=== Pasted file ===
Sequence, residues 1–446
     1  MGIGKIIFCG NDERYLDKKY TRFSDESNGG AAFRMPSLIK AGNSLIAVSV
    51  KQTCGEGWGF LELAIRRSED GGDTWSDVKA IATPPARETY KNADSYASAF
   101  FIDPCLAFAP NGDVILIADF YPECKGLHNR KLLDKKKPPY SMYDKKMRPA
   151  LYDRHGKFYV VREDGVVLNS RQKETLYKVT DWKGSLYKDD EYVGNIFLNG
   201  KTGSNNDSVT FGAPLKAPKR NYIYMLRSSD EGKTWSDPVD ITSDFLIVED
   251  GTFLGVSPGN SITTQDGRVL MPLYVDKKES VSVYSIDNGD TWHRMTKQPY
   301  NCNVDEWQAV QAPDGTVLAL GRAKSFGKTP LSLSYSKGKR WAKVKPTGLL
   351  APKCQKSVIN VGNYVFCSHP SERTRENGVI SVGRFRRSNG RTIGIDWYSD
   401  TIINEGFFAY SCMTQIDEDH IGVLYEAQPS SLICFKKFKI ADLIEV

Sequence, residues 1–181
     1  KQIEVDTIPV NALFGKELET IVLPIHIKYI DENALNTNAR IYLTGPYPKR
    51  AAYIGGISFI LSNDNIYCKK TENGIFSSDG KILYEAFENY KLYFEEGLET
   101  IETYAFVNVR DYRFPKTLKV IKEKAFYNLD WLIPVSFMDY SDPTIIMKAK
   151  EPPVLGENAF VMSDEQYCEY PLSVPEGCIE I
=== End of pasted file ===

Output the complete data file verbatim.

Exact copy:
Sequence, residues 1–446
     1  MGIGKIIFCG NDERYLDKKY TRFSDESNGG AAFRMPSLIK AGNSLIAVSV
    51  KQTCGEGWGF LELAIRRSED GGDTWSDVKA IATPPARETY KNADSYASAF
   101  FIDPCLAFAP NGDVILIADF YPECKGLHNR KLLDKKKPPY SMYDKKMRPA
   151  LYDRHGKFYV VREDGVVLNS RQKETLYKVT DWKGSLYKDD EYVGNIFLNG
   201  KTGSNNDSVT FGAPLKAPKR NYIYMLRSSD EGKTWSDPVD ITSDFLIVED
   251  GTFLGVSPGN SITTQDGRVL MPLYVDKKES VSVYSIDNGD TWHRMTKQPY
   301  NCNVDEWQAV QAPDGTVLAL GRAKSFGKTP LSLSYSKGKR WAKVKPTGLL
   351  APKCQKSVIN VGNYVFCSHP SERTRENGVI SVGRFRRSNG RTIGIDWYSD
   401  TIINEGFFAY SCMTQIDEDH IGVLYEAQPS SLICFKKFKI ADLIEV

Sequence, residues 1–181
     1  KQIEVDTIPV NALFGKELET IVLPIHIKYI DENALNTNAR IYLTGPYPKR
    51  AAYIGGISFI LSNDNIYCKK TENGIFSSDG KILYEAFENY KLYFEEGLET
   101  IETYAFVNVR DYRFPKTLKV IKEKAFYNLD WLIPVSFMDY SDPTIIMKAK
   151  EPPVLGENAF VMSDEQYCEY PLSVPEGCIE I